3 Nephi 17

CLICK HERE to read 3 Nephi 17.

When Jesus had finished speaking to the people (verse 1), He could tell the people were overwhelmed.  His words were powerful, and the people were weak (verse 2).  He instructed them to return to their homes to “ponder upon the things which I have said” and to “ask of the Father, in my name, that ye may understand” (verse 3).  He promised He would return again to visit and teach the people, but that they would be better prepared if they would do these things (go home and ponder and ask for understanding).

In the meantime, He had more work to do.  He had to visit other lost tribes, for none are lost to our Father (verse 4).  When he said this, He saw them become tearful and wanting Him to stay with them longer (verse 5).  These are a hungry people, wanting to receive what He can teach them, and having risked their lives believing in Him and waiting on Him.  The visit is too short, and He has compassion on them (verse 6).

His compassion does not just buy them time, but it stirs Him to action.  He does something about it!  He calls for their sick and afflicted (verse 7) because He sees their faith is sufficient for healing (verse 8).  He wants to show them what He did for the people of Jerusalem (verse 8), and so all the sick are brought to Him (verse 9).  All the people, those who had been well and those who had been healed, bowed to worship Him and they cried in gratitude (verse 10).

Then the Savior also asked for the children to be brought to Him (verse 11).  The people brought the children forward, to sit around Him (verse 12), and all the adults kneeled down on the ground (verse 13).  Then He kneeled down to pray for them (verse 15), groaning because of the wickedness of the people (verse 14).  He prayed for the people, and

the things which he prayed cannot be written… the eye hath never seen, neither hath the ear heard, before, so great and marvelous things as we saw and heard Jesus speak unto the Father… neither can the hearts of men conceive so great and marvelous things… and no one can conceive of the joy which filled our souls at the time we heard him pray for us unto the Father.” (verses 15-17).

When Jesus was finished praying, he stood, but the people were so overcome that they could not stand (verse 18).  He told them to arise (verse 19), and blessed them for their faith (verse 20).  He said His joy was now full (verse 20), because He had now ministered to and interceded for these “lost sheep” as He had promised to do.   When he said this, he wept, and gave each individual child a blessing (verse 21).  He cried again (verse 22), telling the people to see their children and the blessings they held (verse 23).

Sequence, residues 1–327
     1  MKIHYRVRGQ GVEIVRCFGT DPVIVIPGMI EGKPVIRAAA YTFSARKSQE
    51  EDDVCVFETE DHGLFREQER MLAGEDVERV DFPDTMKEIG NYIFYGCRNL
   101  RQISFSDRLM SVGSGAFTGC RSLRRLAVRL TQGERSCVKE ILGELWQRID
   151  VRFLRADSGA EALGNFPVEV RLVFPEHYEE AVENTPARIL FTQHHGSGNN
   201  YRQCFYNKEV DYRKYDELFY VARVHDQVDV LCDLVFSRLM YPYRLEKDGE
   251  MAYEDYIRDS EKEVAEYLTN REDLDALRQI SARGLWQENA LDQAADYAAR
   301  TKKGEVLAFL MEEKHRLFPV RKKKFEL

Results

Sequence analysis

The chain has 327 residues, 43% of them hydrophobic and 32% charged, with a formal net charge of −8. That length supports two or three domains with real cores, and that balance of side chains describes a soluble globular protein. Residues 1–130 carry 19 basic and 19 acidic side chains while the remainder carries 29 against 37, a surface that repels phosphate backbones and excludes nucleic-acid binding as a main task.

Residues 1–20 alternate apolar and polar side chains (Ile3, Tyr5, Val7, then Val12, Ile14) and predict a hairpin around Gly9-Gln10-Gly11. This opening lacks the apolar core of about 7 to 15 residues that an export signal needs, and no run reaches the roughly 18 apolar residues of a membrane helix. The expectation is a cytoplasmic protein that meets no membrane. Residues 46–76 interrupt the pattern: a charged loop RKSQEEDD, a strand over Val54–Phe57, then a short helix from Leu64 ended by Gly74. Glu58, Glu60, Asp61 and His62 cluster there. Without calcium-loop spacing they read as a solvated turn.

Then the people saw the heavens open, with angels descending out of heaven and “encircling those little ones about… and the angels did minister unto them” (verse 24), and all the people witnessed it (verse 25).

This is a powerful experience for the people, but they will experience something greater.  The ministering of angels is a physical ministry, a lesser ministry (D&C 107:14), even since the time of Aaron and the Levites or physically moved the tabernacle.  It is the Aaronic Priesthood who holds the keys of this ministering of angels (see JSH 1:69-73).  What a thought, that our own Aaronic Priesthood has this same power since it has been restored to us!  Angels only physically minister in these ways when it is physically required (cannot be spiritually delivered) and no Aaronic Priesthood is available.  This is the law.

Greater than this external ministry to physical needs and physical restoration is the internal ministry to spiritual needs and spiritual restoration.  The Melchizedek Priesthood holds these keys since it has been restored to us.  This power is far greater than angels visiting or the physical ministry of the Aaronic Priesthood (see Hebrews 5).

The Savior has now ministered to them physically, and taught them to do the same.

Now He asks the people to go home, and ponder, and prepare to receive a greater ministry that is spiritual, so that they may also learn to spiritually minister to each other.

About Emily

I am a member of The Church of Jesus Christ of Latter-day Saints since 2009. I serve as a Chaplain, and work as a counselor. I got bilateral cochlear implants in 2010, but will always love sign language. I choose books over television, and organics over processed. Nothing is as close to flying as ballroom dancing - except maybe running, when in the solo mood. I would rather be outside than anywhere else, especially at the river riding my bike or kayaking. PhD in Marriage and Family Therapy, and currently doing a post-doc in Jewish Studies and an MDiv in Pastoral Counseling. The best thing about Emily World is that it's always an adventure, even if (not so) grammatically precise. The only thing better than writing is being married to a writer. Nathan Christensen and I were married in the Oklahoma City temple on 13 October 2012, and have since fostered more than eighty-five children. We have adopted the six who stayed, and are totally and completely and helplessly in love with our family. Nathan writes musical theater, including "Broadcast" (a musical history of the radio) and an adaption of Lois Lowry's "The Giver". He served his mission in South Korea, has taught song-writing in New York City public schools, and worked as a theater critic for a Tucson newspaper. This is not an official Web site of The Church of Jesus Christ of Latter-day Saints.

Comments are closed.